For Harper, the visit may have to do less with new trade deals or warmed relations than with building ties to Indo-Canadian voters before the next election.

So rather than strategizing on new bilateral investment with India's Ambani brothers, the Prime Minister will travel to the Golden Temple in Amritsar – the holiest shrine in the Sikh faith – and meet with Hindi film star Akshay Kumar, a torchbearer for the Vancouver Olympics.

"By and large the Canadian Indian population has voted Liberal, but there's been an effort by this government to make Indo-Canadians feel connected," said a former Canadian diplomat, suggesting Harper aims to continue that effort with this trip.
 
The prime minister's trip isn't about improving trade ties between Canada and India; it's to increase votes for Stephen Harper's Conservative Party.  This is a brilliant strategy.  I encourage Harper to go on more trips in order to attract Canadian voters from different backgrounds.  Harper can to go to Paris in order get votes from French-Canadians.  A plane ride to Warsaw will secure the Polish-Canadian vote.  A couple of sidetrips to Stettin and Breslau will make him sehr-popular with our German-Canadian friends.
 
Vielen Glück Herr Harper!

Friday, November 13, 2009

Boy won't cite Pledge of Allegiance--no liberty or justice for gays

From the Arkansas Times:
"After asking his parents whether it was against the law not to stand for the pledge, Will decided to do something. On Monday, Oct. 5, when the other kids in his class stood up to recite the pledge of allegiance, he remained sitting down."

Thursday, November 12, 2009

Apu, here's your new guide to talk and act like a Canadian, eh!


No smokin' sitars within nine metres of a mall entrance.  If you want to learn how to talk and act like a Canadian, eh! read the government stuff on Canadian citizenship.*  Otherwise, get out!

Thank you, come again!

*Courtesy of the Harper's anti-Sitaric government 

Update: Go to this link for highlights from DAS BOOK.  So lustig, ja!

Monday, November 9, 2009

Harper celebrates the falling of the Berlin Wall....

...by building a new version around the Greater Toronto Area.

In Canada, Stephen Harper's Conservatives hold 143 of the 308 seats in the House of Commons.

Today, there are four by-elections where his party is unlikely to win any of the seats. So instead, the prime minister has ordered the different government departments to build a wall surrounding Mississauga, Brampton, southern York Region, Toronto, Pickering, and Ajax.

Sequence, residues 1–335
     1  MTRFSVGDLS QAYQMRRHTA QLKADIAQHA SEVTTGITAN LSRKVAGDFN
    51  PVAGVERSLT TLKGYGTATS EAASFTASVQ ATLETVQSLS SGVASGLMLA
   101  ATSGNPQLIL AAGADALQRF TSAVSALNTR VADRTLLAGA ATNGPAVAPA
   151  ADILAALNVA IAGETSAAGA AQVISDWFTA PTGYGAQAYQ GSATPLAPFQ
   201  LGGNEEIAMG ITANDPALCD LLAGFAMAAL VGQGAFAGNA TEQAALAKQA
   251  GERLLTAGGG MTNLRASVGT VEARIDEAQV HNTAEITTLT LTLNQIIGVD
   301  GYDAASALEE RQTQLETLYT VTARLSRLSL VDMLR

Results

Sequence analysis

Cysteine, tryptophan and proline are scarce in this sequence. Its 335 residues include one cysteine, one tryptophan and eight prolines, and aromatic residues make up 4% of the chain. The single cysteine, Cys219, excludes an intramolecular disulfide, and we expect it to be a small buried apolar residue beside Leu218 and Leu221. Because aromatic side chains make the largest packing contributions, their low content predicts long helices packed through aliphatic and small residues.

With the immediate construction of the wall and blockade of the Toronto area, the number of seats in the House of Commons will be immediately reduced by 35 to 273. Harper's Conservative Party will now hold a majority of seats in the House of Commons.

When asked about the forced blockade of Toronto and denial of access to the city by Canadian citizens, Harper replied, "At least the number of winning professional NHL hockey teams in Canada won't be reduced."

Earlier in the morning, Thornhill MP, Peter Kent, was seen fortifying the wall within his riding until he realized that he had just figuratively painted his constituents in a corner by completely surrounding his riding with the ugly wall. All the neighbouring ridings have Liberal MPs.

Why Harper imposed a Berlin-style wall around Toronto, he stated that he wanted to preserve Canadian unity and potentially prevent a hostile Liberal "régime" from taking over his Canada. Liberal leader, Michael Ignatieff, comes from "hostile Canada."

Saturday, November 7, 2009

Toronto Star's Kathy English says columnists have the right to offend

The public editor of the Toronto Star, Kathy English, writes that columnists have the right to offend. Tell that to Antonia.

From Kathy English:
"As Poets, Pundits and Wits, a collection of newspaper columns, tells us, columnizing is a 'self-indulgent' occupation, and columnists have licence to be 'rude, reckless, silly and prejudiced.'"

Some of Ms. English's other thoughts:

From Kathy English last July 18;

From July 12.

Thanks to Unrepentant Old Hippie for the July links.

Tuesday, October 20, 2009

I love Canadian multilingualism